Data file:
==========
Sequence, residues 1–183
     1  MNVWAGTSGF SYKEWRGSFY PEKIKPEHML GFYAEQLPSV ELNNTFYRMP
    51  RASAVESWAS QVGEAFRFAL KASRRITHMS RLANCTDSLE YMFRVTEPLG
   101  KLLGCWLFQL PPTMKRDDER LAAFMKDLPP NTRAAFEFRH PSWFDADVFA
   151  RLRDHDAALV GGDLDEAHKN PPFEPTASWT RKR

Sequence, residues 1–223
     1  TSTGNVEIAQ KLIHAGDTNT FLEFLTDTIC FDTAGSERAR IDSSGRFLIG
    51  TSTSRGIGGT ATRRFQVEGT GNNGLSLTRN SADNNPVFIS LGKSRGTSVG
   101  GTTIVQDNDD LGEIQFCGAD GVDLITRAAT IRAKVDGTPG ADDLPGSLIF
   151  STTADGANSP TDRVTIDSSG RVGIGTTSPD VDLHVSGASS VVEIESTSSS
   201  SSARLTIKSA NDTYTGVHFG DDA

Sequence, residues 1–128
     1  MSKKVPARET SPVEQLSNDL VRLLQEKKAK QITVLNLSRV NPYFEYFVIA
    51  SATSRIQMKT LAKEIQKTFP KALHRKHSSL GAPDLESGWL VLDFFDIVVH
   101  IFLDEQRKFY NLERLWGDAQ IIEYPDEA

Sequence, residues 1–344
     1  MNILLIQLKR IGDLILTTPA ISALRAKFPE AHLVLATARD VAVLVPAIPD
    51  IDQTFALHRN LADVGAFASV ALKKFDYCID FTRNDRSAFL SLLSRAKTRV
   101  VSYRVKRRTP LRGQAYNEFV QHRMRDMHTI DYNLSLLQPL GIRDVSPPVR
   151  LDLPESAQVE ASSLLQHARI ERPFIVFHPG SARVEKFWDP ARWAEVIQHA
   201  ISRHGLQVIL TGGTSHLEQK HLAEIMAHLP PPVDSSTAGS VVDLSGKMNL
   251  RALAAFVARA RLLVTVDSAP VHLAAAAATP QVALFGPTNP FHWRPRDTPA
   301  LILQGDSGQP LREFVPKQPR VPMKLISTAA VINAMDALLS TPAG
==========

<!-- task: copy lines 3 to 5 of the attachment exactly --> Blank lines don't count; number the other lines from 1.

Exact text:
    51  RASAVESWAS QVGEAFRFAL KASRRITHMS RLANCTDSLE YMFRVTEPLG
   101  KLLGCWLFQL PPTMKRDDER LAAFMKDLPP NTRAAFEFRH PSWFDADVFA
   151  RLRDHDAALV GGDLDEAHKN PPFEPTASWT RKR